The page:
May 26, 2011, 1:05 a.m.
posted by concurre
Once your estimates become accurate enough that you get past worrying about large estimation errors on either the high or low side, truly accurate estimates produce additional benefits.
Improved status visibility One of the best ways to track progress is to compare planned progress with actual progress. If the planned progress is realistic (that is, based on accurate estimates), it's possible to track progress according to plan. If the planned progress is fantasy, a project typically begins to run without paying much attention to its plan and it soon becomes meaningless to compare actual progress with planned progress. Good estimates thus provide important support for project tracking.
Higher quality Accurate estimates help avoid schedule-stress-related quality problems. About 40% of all software errors have been found to be caused by stress; those errors could have been avoided by scheduling appropriately and by placing less stress on the developers (Glass 1994). When schedule pressure is extreme, about four times as many defects are reported in the released software as are reported for software developed under less extreme pressure (Jones 1994). One reason is that teams implement quick-and-dirty versions of features that absolutely must be completed in time to release the software. Excessive schedule pressure has also been found to be the most significant cause of extremely costly error-prone modules (Jones 1997).
Projects that aim from the beginning to have the lowest number of defects usually also have the shortest schedules (Jones 2000). Projects that apply pressure to create unrealistic estimates and subsequently shortchange quality are rudely awakened when they discover that they have also shortchanged cost and schedule.
Better coordination with nonsoftware functions Software projects usually need to coordinate with other business functions, including testing, document writing, marketing campaigns, sales staff training, financial projections, software support training, and so on. If the software schedule is not reliable, that can cause related functions to slip, which can cause the entire project schedule to slip. Better software estimates allow for tighter coordination of the whole project, including both software and nonsoftware activities.
Better budgeting Although it is almost too obvious to state, accurate estimates support accurate budgets. An organization that doesn't support accurate estimates undermines its ability to forecast the costs of its projects.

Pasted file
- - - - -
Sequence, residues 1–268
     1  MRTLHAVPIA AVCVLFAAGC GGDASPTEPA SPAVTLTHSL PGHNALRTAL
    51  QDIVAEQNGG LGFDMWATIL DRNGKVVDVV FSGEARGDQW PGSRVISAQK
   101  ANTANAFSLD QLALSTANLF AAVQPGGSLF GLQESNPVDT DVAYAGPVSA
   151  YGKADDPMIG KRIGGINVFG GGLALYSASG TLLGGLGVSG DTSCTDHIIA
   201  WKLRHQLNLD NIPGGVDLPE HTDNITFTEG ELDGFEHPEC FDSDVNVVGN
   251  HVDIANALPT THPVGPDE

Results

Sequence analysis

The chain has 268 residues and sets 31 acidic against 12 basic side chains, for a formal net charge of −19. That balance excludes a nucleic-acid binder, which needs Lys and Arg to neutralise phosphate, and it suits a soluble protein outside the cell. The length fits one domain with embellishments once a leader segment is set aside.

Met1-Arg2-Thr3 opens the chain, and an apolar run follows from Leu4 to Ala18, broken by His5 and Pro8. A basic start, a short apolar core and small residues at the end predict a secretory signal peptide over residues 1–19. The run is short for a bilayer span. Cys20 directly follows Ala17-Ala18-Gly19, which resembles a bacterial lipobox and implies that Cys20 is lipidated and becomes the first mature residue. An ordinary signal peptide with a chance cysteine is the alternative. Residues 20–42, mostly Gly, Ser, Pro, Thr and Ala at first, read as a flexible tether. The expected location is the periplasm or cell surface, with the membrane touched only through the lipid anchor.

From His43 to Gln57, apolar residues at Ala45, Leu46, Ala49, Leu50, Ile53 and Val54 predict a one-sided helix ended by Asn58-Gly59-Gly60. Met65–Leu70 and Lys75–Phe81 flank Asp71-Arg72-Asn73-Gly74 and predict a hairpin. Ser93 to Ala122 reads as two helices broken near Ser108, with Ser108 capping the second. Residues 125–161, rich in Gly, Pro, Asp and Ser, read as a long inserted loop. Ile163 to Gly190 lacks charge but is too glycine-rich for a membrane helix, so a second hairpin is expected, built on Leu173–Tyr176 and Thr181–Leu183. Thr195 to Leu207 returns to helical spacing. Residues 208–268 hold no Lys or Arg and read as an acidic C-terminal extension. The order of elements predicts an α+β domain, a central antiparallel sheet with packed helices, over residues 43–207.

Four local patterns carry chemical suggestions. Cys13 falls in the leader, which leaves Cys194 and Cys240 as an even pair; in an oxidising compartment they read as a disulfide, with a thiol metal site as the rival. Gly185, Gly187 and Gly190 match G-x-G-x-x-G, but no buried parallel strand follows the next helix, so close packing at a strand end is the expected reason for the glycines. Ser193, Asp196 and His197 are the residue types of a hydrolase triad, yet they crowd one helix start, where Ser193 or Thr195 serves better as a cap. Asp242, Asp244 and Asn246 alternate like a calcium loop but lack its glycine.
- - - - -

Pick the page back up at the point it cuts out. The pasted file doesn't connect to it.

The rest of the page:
Increased credibility for the development team One of the great ironies in software development is that after a project team creates an estimate, managers, marketers, and sales staff take the estimate and turn it into an optimistic business target—over the objections of the project team. The developers then overrun the optimistic business target, at which point, managers, marketers, and sales staff blame the developers for being poor estimators! A project team that holds its ground and insists on an accurate estimate will improve its credibility within its organization.
Early risk information One of the most common wasted opportunities in software development is the failure to correctly interpret the meaning of an initial mismatch between project goals and project estimates. Consider what happens when the business sponsor says, "This project needs to be done in 4 months because we have a major trade show coming up," and the project team says, "Our best estimate is that this project will take 6 months." The most typical interaction is for the business sponsor and the project leadership to negotiate the estimate, and for the project team eventually to be pressured into committing to try to achieve the 4-month schedule.
Bzzzzzt! Wrong answer! The detection of a mismatch between the project goal and the project estimate should be interpreted as incredibly useful, incredibly rare, early-in-the-project risk information. The mismatch indicates a substantial chance that the project will fail to meet its business objective. Detected early, numerous corrective actions are available, and many of them are high leverage. You might redefine the scope of the project, you might increase staff, you might transfer your best staff onto the project, or you might stagger the delivery of different functionality. You might even decide the project is not worth doing after all.
But if this mismatch is allowed to persist, the options that will be available for corrective action will be far fewer and will be much lower leverage. The options will generally consist of "overrun the schedule and budget" or "cut painful amounts of functionality."
Recognize a mismatch between a project's business target and a project's estimate for what it is: valuable risk information that the project might not be successful. Take corrective action early, when it can do some good.